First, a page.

Isaac Newton once said, “If I have seen further than others, it is because I was standing on the shoulders of giants.” 21st Century leadership, more than ever before, is entrenched in emotional intelligence and the ability to recognise the fundamental importance of human capital. The need for leaders who recognise and respect the people element of organisations and governments is evident and to heed to this need is vital.
It must be acknowledged that when speaking of leadership theories; we are speaking of contradictions. There are the schools who promote the concept of born leaders and then there are those who promote leaders as being made and nurtured. There is the resonant potential of leadership responsibilities and there is the dissonant reality of greed and status. There is intrinsic leadership irrespective of a title and there is entitlement through position. To summarise effective leadership into one winning formula would be naïve, however, it is important to recognise that there are attributes, characteristics and skills that are beneficial to have or acquire for a leader to become a resonant leader.
Gail Cameron writes in her latest book, Authentic African Leadership, that “Resonant leaders are secure leaders who provide a sense of protection, give a sense of comfort and offer a source of energy and inspiration to explore, take risks, and bring about innovation and effective solutions.”
You may find yourself asking, “What is effective, resonant leadership?”
Effective leadership, resonant leadership, is determined by the followers. And that is the point. There is no one leadership style that will be effective in all situations. The effective leaders are those who can recognise, understand and act upon what their followers require. It is indicative of social awareness, empathy and trust. Empathy should not be viewed as a ‘soft skill’. With a resonant leader as the keeper of the human climate and tone-setter of the working environment, teams can stretch, innovate, deliver and succeed. As Terrence Taylor said, “Leadership ignites the spark that turns the potential of people, organisations and societies into performance.”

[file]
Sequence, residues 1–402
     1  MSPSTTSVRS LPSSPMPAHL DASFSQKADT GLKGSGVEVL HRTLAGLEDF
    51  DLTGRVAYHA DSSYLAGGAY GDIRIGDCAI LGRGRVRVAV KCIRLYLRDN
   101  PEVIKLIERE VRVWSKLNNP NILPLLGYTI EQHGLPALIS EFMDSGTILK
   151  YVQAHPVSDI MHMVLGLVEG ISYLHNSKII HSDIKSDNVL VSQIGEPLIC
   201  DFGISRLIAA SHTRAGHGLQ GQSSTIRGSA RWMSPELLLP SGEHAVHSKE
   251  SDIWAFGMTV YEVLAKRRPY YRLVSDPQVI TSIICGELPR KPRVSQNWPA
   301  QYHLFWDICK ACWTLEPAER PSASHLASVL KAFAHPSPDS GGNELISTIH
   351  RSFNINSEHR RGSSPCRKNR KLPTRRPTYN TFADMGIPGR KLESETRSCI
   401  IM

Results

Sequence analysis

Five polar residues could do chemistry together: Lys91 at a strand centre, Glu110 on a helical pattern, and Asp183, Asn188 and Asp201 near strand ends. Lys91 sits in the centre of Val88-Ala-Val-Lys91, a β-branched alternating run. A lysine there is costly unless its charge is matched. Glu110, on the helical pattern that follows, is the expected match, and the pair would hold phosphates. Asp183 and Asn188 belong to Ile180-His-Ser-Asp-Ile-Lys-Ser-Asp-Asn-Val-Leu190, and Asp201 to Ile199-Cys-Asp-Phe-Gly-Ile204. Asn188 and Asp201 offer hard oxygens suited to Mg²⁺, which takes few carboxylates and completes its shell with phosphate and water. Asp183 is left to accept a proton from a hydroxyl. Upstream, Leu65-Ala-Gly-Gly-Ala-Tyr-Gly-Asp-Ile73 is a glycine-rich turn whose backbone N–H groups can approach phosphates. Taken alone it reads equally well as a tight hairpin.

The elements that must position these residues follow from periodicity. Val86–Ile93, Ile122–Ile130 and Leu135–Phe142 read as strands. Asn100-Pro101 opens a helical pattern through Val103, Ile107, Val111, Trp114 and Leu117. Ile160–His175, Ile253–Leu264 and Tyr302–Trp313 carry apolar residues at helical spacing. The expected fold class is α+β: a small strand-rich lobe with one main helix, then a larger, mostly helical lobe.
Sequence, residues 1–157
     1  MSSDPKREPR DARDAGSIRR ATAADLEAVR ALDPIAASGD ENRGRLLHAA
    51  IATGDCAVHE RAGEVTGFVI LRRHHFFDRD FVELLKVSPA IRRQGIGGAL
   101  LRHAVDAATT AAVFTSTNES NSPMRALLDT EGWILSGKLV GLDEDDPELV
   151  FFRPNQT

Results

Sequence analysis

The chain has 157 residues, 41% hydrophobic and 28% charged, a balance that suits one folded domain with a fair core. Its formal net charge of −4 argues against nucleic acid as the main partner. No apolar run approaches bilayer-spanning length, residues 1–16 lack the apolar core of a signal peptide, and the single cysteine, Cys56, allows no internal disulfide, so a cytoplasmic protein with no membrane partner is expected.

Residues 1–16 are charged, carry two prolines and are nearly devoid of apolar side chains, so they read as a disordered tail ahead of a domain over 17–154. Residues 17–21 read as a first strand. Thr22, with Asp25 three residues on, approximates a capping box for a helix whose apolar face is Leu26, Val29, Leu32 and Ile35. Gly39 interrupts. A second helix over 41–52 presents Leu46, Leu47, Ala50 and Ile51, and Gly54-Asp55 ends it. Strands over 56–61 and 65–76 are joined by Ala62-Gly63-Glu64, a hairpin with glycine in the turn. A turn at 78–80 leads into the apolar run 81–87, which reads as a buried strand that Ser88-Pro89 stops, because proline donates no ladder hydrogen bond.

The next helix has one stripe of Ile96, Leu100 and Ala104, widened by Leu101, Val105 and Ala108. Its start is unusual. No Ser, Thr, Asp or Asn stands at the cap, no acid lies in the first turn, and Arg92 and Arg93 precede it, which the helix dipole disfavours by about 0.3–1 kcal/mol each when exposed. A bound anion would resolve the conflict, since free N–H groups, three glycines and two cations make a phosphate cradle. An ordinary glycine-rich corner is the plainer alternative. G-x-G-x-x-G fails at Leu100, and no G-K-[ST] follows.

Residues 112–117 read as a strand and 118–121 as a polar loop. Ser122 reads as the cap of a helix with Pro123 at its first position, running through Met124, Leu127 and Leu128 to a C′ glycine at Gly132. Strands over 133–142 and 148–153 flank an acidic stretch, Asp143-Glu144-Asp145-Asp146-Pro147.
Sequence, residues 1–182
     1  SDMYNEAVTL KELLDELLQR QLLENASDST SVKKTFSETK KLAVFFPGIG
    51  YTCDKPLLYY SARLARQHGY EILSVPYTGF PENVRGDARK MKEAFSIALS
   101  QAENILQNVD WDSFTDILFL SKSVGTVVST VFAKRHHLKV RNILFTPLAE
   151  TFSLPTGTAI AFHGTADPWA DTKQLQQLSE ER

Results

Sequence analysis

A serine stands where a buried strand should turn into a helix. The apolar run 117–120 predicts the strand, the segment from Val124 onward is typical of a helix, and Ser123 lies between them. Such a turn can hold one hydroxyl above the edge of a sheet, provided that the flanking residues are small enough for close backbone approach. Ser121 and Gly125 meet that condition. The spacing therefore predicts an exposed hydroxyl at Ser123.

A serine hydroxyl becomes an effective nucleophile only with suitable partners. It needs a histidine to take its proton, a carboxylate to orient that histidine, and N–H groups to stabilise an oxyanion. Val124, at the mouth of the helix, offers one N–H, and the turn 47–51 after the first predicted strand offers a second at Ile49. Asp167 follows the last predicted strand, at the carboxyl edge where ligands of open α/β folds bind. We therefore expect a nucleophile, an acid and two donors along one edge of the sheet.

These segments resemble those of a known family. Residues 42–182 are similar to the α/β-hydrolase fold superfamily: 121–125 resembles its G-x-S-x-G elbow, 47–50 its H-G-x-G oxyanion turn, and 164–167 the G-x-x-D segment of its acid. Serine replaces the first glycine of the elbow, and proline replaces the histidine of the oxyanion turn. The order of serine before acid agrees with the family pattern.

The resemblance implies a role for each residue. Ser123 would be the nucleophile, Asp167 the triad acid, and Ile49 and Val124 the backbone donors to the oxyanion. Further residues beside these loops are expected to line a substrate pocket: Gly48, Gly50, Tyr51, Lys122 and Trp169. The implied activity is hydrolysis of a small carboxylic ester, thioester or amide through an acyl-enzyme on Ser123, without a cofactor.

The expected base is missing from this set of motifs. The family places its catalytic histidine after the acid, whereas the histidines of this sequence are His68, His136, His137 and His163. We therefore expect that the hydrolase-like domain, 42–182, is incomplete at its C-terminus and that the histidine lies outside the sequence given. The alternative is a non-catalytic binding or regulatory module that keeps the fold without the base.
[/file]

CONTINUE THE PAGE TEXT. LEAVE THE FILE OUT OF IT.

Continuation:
In several studies, it has become apparent that in today’s working culture IQ has become the entrance level requirement. It is EQ (Emotional Intelligence) that sets the leaders apart. Research by the University of California, Los Angeles indicates that only 7% of leadership success is attributable to intellect; 93% of success comes from presence, honesty, authenticity, trust and integrity (Cooper and Sawaf, 1996). The wonderful news is that unlike IQ, EQ is not static and can be developed. To enhance your EQ relates to enhancing your innate ability to interact with others.
With a greater understanding of self and the willingness and ability to recognise the individuals around and under them, a leader can set aside the need to impress others or to enhance their status. Instead, the leader can focus on inspiring the team and to steer the team to a greater collective purpose.